AN74170 PSoC 1 Analog Structure and Configuration with PSoC Designer.pdf

AN74170
PSoC® 1 Analog Structure and Configuration with PSoC Designer™
Author: Mark Hastings
Associated Project: No
Associated Part Family: PSoC ® 1
Software Version: PSoC ® Designer™ 5.4 or later
Related Application Notes: None
If you have a question, or need help with this application note, contact the author at
[email protected]
AN74170 explains the analog structure of standard PSoC® 1 devices and how the global analog parameters affect many
of the analog user modules.
Contents
Introduction
Introduction ....................................................................... 1
PSoC 1 Architecture .......................................................... 3
Analog PSoC Block Array............................................. 4
Analog Column Structure ............................................. 5
Analog Connectivity to GPIO Pins .............................. 13
Internal Analog Block Interconnect ............................. 17
Internal Reference Structure ...................................... 18
Global Analog Parameters ......................................... 21
Troubleshooting Incorrect ADC Operation ...................... 23
Summary ......................................................................... 23
Worldwide Sales and Design Support ............................. 25
When designing with the PSoC 1 family of
microcontrollers, you use PSoC Designer and its
high-level interface to configure the PSoC, including the
analog architecture. In addition to placing and configuring
the individual user modules (building blocks), several
global analog parameters also require configuration.
Understanding these global parameters and the overall
analog architecture is important, especially when a design
consists of several analog user modules that are affected
by these settings.
This application note assumes that you are familiar with
the PSoC Designer development tool, and how to develop
a project. Topics covered in this application note include
the following:







Analog PSoC block array structure
Analog column structure
Analog connectivity to GPIO pins
Internal analog block interconnect
Internal reference structure
Global analog parameters
Troubleshooting incorrect ADC operation
The devices covered in this application note include the
PSoC devices intended for general-purpose applications
that have a similar architecture as shown in Table 1. The
PSoC devices intended solely for CapSense® (capacitive
touch input) are not included in this application note,
although some of the PSoC devices discussed do support
CapSense.
www.cypress.com
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Table 1 lists the analog resources for each part family.
One of the major connectivity differences in these parts is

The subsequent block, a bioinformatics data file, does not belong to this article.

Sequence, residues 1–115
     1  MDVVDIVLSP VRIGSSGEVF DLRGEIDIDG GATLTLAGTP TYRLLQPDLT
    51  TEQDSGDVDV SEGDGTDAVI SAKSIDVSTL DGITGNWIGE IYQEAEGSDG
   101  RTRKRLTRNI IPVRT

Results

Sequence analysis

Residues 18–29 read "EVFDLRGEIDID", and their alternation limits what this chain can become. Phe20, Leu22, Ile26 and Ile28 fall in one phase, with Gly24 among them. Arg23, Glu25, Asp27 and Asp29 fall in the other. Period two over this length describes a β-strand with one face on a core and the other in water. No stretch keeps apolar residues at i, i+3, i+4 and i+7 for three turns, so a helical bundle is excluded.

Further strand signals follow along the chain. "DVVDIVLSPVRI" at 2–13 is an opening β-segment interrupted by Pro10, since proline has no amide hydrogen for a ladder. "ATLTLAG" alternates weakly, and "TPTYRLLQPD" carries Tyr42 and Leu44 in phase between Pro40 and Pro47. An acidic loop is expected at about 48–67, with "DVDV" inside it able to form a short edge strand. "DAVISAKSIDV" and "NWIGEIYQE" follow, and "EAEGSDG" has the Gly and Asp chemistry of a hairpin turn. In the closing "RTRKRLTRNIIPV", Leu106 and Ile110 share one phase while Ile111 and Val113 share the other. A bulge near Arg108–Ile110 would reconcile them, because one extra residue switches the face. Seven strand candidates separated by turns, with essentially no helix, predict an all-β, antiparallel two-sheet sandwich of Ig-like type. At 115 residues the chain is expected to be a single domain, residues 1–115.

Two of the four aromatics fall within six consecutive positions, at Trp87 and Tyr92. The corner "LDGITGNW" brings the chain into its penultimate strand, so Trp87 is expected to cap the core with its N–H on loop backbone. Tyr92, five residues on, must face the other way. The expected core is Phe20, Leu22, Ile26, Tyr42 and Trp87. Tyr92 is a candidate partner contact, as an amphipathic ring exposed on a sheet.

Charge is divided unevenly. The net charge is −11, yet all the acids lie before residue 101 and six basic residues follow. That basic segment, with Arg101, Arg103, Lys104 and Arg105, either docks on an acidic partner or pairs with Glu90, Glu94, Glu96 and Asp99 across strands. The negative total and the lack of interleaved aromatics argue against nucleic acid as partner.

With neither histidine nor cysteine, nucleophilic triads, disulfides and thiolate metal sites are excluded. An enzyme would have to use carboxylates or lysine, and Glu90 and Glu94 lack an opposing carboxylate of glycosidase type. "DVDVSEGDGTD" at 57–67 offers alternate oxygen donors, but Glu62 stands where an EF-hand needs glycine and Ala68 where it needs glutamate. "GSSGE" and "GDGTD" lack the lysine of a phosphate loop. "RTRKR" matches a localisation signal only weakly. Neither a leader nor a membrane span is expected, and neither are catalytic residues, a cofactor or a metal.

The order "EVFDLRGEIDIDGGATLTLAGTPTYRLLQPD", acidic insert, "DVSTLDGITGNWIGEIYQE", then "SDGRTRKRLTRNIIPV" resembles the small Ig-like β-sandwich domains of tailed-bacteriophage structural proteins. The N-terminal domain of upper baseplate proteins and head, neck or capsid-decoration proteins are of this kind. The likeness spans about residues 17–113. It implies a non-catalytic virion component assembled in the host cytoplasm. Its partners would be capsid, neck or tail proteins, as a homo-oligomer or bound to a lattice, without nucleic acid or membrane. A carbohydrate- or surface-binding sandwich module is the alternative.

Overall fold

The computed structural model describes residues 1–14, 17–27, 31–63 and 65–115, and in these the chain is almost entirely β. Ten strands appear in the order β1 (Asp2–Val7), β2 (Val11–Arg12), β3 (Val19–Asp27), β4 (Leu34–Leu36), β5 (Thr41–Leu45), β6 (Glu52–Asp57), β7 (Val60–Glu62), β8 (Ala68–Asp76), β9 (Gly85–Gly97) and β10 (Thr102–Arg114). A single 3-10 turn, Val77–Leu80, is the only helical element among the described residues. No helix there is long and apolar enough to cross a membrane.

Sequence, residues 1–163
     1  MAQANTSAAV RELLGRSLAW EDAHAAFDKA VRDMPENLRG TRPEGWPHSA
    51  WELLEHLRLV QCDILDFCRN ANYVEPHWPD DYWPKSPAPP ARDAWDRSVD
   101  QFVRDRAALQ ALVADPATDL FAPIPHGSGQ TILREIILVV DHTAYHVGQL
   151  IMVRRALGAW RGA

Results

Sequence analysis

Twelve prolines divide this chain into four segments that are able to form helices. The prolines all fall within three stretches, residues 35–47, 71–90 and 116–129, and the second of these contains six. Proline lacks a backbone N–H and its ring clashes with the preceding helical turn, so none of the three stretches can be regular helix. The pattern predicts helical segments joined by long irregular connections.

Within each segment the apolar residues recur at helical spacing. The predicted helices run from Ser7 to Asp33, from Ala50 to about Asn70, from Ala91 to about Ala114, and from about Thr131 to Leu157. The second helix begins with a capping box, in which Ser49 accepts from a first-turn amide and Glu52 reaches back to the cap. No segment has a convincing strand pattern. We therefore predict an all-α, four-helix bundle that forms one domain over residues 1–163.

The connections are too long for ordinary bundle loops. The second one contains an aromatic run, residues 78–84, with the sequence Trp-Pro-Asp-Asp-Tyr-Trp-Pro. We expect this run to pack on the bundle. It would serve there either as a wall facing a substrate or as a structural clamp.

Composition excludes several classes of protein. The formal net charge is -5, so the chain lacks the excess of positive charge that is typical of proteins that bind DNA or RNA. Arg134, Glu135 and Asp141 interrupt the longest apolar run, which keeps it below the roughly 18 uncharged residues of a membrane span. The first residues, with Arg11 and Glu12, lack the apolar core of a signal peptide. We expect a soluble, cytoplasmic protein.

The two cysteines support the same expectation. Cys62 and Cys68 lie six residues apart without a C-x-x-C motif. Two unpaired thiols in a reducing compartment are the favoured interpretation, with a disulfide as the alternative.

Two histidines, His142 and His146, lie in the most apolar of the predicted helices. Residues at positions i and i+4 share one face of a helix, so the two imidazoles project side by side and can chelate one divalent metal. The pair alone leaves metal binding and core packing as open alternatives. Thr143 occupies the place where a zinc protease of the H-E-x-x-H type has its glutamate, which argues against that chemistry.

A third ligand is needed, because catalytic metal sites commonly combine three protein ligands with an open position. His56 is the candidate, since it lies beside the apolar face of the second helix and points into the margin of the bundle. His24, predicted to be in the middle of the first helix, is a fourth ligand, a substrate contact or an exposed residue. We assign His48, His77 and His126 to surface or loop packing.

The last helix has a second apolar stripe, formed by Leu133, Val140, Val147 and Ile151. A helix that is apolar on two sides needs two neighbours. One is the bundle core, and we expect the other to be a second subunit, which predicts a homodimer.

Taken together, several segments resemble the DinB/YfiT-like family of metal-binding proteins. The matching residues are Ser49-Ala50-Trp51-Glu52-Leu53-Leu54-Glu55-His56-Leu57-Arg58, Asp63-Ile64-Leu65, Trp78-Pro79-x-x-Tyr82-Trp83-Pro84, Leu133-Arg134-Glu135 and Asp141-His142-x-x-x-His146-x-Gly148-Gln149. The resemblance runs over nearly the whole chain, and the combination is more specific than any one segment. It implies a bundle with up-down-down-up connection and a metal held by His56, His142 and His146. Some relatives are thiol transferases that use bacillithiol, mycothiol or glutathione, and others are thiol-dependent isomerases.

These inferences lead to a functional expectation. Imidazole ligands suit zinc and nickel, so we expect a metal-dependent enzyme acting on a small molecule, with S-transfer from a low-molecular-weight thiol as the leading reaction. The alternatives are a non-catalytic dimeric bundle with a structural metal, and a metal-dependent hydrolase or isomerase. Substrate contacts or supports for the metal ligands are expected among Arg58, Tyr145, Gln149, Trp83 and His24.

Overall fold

the Analog Mux Bus or AMux. The AMux gives
connectivity to all GPIOs instead of eight pins on Port0
and four pins on Port2. Notice in Table 1 that all PSoC
parts that have an AMux bus have more than twelve
TM
analog inputs. For specific information on these PSoC
families, see the device datasheet and the Analog
System section of the Technical Reference Manual (TRM)
for that specific part family.
Analog
Inputs
Analog
Outputs
Analog
Columns
Analog
Blocks
Limited
Analog
Blocks
Analog Mux
Bus (AMux)
Table 1. Device Families Covered in This Application Note
CY8C29x66
12
4
4
12
0
No
CY8C27x43
12
4
4
12
0
No
CY8C24x94
48
2
2
6
0
Yes
CY8C24x23
12
2
2
6
0
No
CY7C64215
48
2
2
6
0
Yes
CY8C28x23
10
2
2
6
0
No
CY8C28x33
40
2
4
6
4
Yes
CY8C28x43
44
4
4
12
0
Yes
CY8C28x45
44
4
4
12
4
Yes
CY8C28x52
24
4
4
12
4
Yes
PSoC Part Family
www.cypress.com
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TM
PSoC 1 Architecture
PSoC 1 devices are divided into four sections, analog system, digital system, PSoC core, and system resources. Each of
these sections varies in size and complexity depending on the part family. Figure 1 shows a block diagram of the standard
PSoC 1 device.
Figure 1. PSoC 1 Block Diagram
Port 6
Port 7
Port 4
Port 5
Port 0
Port 1
Port 2
Port 3
Analog
Drivers
System Bus
Global Digital Interconnect
Global Analog Interconnect
PSoC Core
Supervisory ROM (SROM)
SRAM
Flash Nonvolatile Memory
CPU Core (M8C)
Interrupt
Controller
24 MHz Internal Main
Oscillator (IMO)
Internal Low Speed
Oscillator (ILO)
Sleep and
Watchdog
Phase Locked
Loop (PLL)
32 KHz Crystal
Oscillator (ECO)
Multiple Clock Sources
Digital System
Analog System
Digital PSoC Block Array
Analog
Ref
Analog PSoC
Block Array
DBB00
DBB01
DCB02
DCB03
DBB10
DBB11
DCB12
DCB13
CT
CT
CT
CT
DBB20
DBB21
DCB22
DCB23
SC
SC
SC
SC
SC
SC
SC
SC
DBB30
DBB31
DCB32
DCB33
Analog
Input
Muxing
1 to 4 Analog Columns
1 to 4 Digital Rows
SYSTEM BUS
Digital
Clocks
Multiply
Accumulate
(MACs)
POR and LVD
Decimators
I2C
System Resets
Switch
Mode
Pump
Internal
Voltage
Reference
USB
IO Analog
Multiplexer
System Resources
The analog PSoC block array is the focus of this